With attention on recount efforts in several swing states, President-elect Donald Trump late Sunday claimed, without proof, that "millions of people...voted illegally."
Trump wrote on Twitter that "serious voter fraud in Virginia, New Hampshire, and California" cost him the popular vote, though current tabulations estimate that Democratic nominee Hillary Clinton is ahead by nearly 2 million votes.
In addition to winning the Electoral College in a landslide, I won the popular vote if you deduct the millions of people who voted illegally
— Donald J. Trump (@realDonaldTrump) November 27, 2016
During the rant, Trump argues that his campaign strategy of visiting many small states would have made it "much easier" for him to "win the so-called popular vote than the Electoral College," where he is currently ahead of Clinton 290-232.
"There's no reason to believe this is true," said Rick Hasen, blogger at the Election Law Blog and professor specializing in election law at the University of California, Irvine.
"The level of fraud in U.S. elections is quite low," Hasen noted, adding that, in particular, "the problem of non-citizen voting is quite small—like we're talking claims in the dozens, we're not talking voting in the millions, or the thousands, or even the hundred."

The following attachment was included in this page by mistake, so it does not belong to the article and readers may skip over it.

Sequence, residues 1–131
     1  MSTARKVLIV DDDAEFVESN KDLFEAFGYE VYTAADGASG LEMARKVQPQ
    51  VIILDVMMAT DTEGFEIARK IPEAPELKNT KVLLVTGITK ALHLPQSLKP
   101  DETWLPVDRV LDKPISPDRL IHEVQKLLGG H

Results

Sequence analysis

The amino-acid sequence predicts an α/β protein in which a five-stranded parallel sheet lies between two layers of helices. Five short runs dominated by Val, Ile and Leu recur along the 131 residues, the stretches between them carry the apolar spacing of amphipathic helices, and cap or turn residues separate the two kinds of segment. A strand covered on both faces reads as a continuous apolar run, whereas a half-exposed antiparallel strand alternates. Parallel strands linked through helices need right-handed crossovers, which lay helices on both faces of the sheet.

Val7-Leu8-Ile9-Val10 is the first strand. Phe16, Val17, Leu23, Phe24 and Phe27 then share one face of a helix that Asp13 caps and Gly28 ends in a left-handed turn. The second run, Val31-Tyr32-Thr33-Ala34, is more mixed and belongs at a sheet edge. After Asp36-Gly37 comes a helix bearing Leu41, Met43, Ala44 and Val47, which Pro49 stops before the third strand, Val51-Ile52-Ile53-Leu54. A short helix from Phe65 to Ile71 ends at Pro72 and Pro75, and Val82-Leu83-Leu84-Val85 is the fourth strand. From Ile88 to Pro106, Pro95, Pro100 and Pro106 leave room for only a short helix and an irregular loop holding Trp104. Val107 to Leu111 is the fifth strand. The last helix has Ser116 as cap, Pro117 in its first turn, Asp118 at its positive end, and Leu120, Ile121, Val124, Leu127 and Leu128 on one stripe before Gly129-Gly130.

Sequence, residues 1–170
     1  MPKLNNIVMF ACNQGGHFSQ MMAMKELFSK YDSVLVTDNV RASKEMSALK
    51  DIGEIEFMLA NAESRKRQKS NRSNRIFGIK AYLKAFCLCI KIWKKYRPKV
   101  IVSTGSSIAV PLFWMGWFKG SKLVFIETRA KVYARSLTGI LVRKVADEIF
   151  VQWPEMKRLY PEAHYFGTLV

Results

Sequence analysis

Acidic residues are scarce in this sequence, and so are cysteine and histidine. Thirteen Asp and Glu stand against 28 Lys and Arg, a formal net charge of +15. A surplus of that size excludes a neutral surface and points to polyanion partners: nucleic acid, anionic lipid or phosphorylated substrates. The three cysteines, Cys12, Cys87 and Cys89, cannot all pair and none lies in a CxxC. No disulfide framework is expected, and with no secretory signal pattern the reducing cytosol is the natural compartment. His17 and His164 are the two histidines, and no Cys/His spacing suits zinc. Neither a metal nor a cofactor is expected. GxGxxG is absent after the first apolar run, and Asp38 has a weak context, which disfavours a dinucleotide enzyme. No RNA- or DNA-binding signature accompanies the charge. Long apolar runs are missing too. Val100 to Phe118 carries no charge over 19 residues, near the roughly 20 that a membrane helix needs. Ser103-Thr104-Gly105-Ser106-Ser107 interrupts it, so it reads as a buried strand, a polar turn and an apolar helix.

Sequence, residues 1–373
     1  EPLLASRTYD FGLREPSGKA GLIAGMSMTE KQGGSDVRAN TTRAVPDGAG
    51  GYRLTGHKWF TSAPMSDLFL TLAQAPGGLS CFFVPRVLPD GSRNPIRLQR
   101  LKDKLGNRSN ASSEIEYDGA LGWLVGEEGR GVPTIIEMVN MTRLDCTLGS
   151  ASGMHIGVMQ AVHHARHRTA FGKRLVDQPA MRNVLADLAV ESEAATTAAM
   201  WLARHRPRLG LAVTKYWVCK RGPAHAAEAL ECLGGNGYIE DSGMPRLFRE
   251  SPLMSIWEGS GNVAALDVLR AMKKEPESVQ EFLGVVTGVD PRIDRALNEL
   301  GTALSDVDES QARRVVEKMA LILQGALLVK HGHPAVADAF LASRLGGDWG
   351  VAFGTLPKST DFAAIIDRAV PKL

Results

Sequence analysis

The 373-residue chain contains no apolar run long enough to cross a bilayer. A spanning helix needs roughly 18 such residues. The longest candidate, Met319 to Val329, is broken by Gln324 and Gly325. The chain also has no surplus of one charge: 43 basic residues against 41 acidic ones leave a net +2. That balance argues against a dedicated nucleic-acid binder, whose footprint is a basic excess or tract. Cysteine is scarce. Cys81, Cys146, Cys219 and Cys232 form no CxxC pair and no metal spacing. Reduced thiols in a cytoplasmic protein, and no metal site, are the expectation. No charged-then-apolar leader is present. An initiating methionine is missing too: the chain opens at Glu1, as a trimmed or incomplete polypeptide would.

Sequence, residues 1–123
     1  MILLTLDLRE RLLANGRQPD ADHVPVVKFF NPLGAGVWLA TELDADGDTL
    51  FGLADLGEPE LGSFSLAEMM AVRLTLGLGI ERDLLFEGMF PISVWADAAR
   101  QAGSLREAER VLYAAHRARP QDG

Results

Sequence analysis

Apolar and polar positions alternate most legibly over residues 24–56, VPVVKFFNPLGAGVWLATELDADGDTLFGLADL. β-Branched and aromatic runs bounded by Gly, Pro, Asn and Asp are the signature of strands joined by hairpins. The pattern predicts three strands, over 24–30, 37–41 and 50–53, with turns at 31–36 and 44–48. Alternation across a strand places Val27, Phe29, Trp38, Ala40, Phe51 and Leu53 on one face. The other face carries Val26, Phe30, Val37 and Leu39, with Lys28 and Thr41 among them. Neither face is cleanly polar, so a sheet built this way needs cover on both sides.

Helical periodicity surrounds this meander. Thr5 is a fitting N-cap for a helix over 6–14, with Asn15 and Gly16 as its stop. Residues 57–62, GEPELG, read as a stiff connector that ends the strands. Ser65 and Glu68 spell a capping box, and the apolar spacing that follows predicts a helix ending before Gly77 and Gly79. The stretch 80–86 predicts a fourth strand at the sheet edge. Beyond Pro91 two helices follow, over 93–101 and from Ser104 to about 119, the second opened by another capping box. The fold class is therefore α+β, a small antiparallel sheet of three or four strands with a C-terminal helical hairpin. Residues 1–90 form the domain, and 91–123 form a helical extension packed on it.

Fact-checking website Politifact also ruled Trump's assertion false.
While it is not the first time the president-elect has made unsubstantiated claims about the validity of the U.S. electoral process, this one came after it was announced that the Clinton campaign was joining the recount efforts spearheaded by Green Party leader Jill Stein. A recount is currently underway in Wisconsin, while Stein is expected to file in Pennsylvania and Michigan, as well, which have deadlines of Monday and Wednesday, respectively.
Noting the irony of Trump's claims, Clinton campaign attorney Marc E. Elias wrote on Twitter:
We are getting attacked for participating in a recount that we didn't ask for by the man who won election but thinks there was massive fraud
— Marc E. Elias (@marceelias) November 28, 2016
Beyond this latest tirade, observers are noting how the president-elect's use of Twitter to spread misinformation may have dangerous implications under a Trump presidency.
As T.C. Sottek, managing editor at The Verge wrote Sunday, "this is just one false claim of many" as Trump "has used Twitter to tweet and retweet false and misleading information at a volume that has challenged the bandwidth of fact checkers."
"When Trump becomes president," Sottek warned, "his Twitter account won't just be the ramblings of a private citizen—it will be the remarks of the chief executive of the U.S. government. And if his Twitter account is the most open part of his administration, the platform could effectively become the White House press office."